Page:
The Trans-America Trail is a west bound ride across America. The Trail starts in Southeastern Tennessee, and ends at the Pacific Ocean in southwestern Oregon. Some 4,800 miles of mostly off-pavement riding. This trail was the mastermind of Sam Correro, who for years pursued his goal of charting a coast-to-coast, off-pavement motorcycle adventure. He studied countless maps and surveyed thousands of miles to create one great trip. This Trail is not a single-track tight woods ride. It is a route using dirt roads, gravel roads, jeep roads, forest roads and farm roads. Dropping down into dried-up creek beds, and riding atop abandoned railroad grades. There are sections of mud, sand, snow and rocks. It’s all of the above, but it’s for the Dual-Sport Rider. Check out their website by clicking on the following
The American Historic Racing Motorcycle Association Ltd. is a not-for-profit organization dedicated to restoring and competing on classic motorcycles. With about 5,000 members, AHRMA is the largest vintage racing group in North America and one of the biggest in the world. The association has grown steadily over the years, reflecting the increasing interest in classic bikes.
AHRMA traces its roots to efforts to organize vintage road racing during the late 1970′s in the Northeast. In the early 80′s, other group’s began emerging around the nation, adding scrambles, observed trials, dirt track and concourse events to the competition options available for vintage riders. Among these organizations were the California Vintage Racing Group and, in the Southeast, the Historic Motorcycle Racing Association. By 1986, it was clear that a national organization would be necessary to administer this burgeoning sport. AHRMA was originally formed as a privately held business corporation. Other groups were brought together under one banner and one set of rules, and in 1989 AHRMA was reorganized into the member-owned association of today.
AHRMA offers vintage national and regional road racing, motocross, dirt track, observed trials and cross country competition. The machines active in AHRMA these events span a full 50 years, from the 1920s to the mid-’70s. The national-championship schedule typical includes 15-20 rounds apiece in road racing, motocross, dirt track and trials. AHRMA nationals take place at some of the finest and most historic venues: Daytona, Road-America, Willow Springs, Miller Motorsports Park, Barber and Peoria, to name but a few.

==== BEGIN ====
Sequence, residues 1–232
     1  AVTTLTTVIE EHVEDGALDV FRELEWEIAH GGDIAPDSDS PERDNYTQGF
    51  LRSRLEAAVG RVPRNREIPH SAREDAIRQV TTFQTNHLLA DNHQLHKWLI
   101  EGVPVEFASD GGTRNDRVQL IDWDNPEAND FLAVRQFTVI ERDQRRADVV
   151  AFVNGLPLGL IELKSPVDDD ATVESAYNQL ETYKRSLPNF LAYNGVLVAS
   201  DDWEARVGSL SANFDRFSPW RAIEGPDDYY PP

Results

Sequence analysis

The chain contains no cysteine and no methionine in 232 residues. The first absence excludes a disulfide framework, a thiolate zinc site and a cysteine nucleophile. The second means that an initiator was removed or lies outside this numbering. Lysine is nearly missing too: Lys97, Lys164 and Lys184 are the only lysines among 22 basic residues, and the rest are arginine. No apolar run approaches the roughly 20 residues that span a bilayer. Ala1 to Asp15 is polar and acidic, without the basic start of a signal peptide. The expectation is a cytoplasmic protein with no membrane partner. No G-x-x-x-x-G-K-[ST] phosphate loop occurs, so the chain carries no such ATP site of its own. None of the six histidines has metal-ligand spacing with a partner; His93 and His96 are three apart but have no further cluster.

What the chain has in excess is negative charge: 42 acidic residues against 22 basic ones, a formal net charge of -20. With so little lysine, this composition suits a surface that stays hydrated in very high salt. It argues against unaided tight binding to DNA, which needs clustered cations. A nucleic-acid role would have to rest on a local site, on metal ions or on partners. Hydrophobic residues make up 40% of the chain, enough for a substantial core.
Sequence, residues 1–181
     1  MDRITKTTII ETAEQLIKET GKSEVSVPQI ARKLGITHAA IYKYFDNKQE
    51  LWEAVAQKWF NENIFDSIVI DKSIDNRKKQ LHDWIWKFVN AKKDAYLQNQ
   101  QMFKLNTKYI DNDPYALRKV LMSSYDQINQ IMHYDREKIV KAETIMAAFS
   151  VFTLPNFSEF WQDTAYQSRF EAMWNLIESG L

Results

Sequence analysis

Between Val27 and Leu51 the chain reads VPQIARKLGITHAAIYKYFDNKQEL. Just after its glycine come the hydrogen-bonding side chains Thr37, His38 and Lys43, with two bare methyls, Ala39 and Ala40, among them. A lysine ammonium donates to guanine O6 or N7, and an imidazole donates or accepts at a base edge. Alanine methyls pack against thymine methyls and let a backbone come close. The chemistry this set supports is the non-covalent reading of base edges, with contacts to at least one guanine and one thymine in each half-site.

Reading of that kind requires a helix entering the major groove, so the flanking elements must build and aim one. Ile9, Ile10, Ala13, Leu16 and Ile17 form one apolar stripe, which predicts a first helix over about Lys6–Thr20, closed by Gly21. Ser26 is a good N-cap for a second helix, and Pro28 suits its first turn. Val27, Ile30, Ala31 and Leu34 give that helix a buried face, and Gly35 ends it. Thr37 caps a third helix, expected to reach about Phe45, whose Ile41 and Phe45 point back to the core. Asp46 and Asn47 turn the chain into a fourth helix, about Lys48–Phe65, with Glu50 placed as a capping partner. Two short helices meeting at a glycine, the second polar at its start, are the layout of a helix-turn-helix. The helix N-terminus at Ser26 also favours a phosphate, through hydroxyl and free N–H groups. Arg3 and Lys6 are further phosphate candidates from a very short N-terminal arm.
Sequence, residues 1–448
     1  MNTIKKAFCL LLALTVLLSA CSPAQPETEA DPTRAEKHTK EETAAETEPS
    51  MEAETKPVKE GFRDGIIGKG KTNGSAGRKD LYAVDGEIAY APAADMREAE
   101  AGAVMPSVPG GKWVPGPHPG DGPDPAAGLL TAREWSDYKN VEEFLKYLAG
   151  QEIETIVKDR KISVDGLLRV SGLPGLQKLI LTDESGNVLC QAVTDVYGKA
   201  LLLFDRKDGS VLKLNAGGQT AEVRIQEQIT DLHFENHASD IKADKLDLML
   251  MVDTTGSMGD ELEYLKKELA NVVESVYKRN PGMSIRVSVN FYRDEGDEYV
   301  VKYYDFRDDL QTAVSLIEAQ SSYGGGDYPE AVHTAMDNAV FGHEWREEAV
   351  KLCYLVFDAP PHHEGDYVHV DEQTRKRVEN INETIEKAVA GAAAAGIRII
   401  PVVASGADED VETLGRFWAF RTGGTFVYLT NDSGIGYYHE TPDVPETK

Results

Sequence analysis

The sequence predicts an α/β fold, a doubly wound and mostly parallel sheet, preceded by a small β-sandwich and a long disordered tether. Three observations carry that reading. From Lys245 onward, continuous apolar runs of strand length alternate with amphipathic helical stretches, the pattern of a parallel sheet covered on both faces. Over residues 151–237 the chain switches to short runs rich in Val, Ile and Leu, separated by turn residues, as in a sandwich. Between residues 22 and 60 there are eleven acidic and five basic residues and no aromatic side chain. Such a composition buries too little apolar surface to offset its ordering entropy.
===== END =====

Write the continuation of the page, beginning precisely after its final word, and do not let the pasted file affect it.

Realizing that the definition of “classic” varies from one generation of enthusiasts to the next, AHRMA began adding classes for long-travel motocross machines from the late 1970s to early ’80s and for roadracers from early in the AMA Superbike period (up to the 1980 model year). These Post-Vintage motocross classes have been incorporated in many of AHRMA’s regional series and also have their own national circuit. The three Vintage Superbike classes have been added to AHRMA’s normal roadrace program.
In an effort to bring single-cylinder roadracing to the U.S. and to rejuvenate twins racing, AHRMA in 1993 began offering Sound of Singles®and Battle of Twins®classes, with a full national series in 1994. Bolstered by the presence of world-class riders on machines such as the exotic Britten V1000, AHRMA’s Daytona SOS/BOT events have attracted worldwide attention. Since 1995 the organization has been offering the almost-anything-goes Sound of Thunder® for singles, twins and triples, with Daytona as the opening round of the world Sound of Thunder series for several years. Including these innovative modern bikes with the vintage program has met with widespread acceptance and allows AHRMA to host its own events instead being the guest of another racing
The organization occasionally sponsors concours d’elegance, swap meets and banquets featuring world renowned speakers. One of the organization’s best-known activities began in 1992 when AHRMA and BMW of North America began promoting the BMW Battle of Legends®, extremely popular events pitting motorcycling’s legends against one another on identically prepared BMW motorcycles. Tens of thousands of fans enjoy the Legends races during Classics Days each year during Daytona’s Bike Week. Legends and non-racing Legends Emeritus have included David Aldana, Hugh Anderson, Mark Brelsford, Don Castro, Yvon Duhamel, Chris Draayer, Don Emde, Walt Fulton III, Dick Klamfoth, Kurt Liebmann, Dick Mann, Bart Markel, Eddie Mulder, Jody Nicholas, Gary Nixon, Reg Pridmore, Phil Read, Roger Rieman, George Roeder, Jay Springsteen, John Surtees MBE, Don Vesco, Walter Villa and Walter Zeller. Races have been held at Daytona Beach, Florida; Loudon, New Hampshire; Sears Point, California; and Lexington, Ohio. The BMW Battle of the Legends Grand Finale took place in March 1997 at Daytona International Speedway.
AHRMA members enjoy a professionally edited monthly journal “Vintage Views”; an annual racing rulebook/handbook; access to a site on the World Wide Web (www.ahrma.org); a variety of AHRMA logo products. The association maintains a Benevolent Fund to aid riders who are injured or otherwise in need.
Most motorcycle manufacturers have announced and begun shipping their new 2013 models. To make room in dealers’ showrooms many are offering year end sales incentives. We’ve compiled a comprehensive list of special offers, including financing deals, cash back and others. We’ve arranged the list by the expiration dates of the offers. Several manufacturers have multiple deals available with different end dates, so be sure to scroll through the entire list, especially if you’re interested in a particular brand.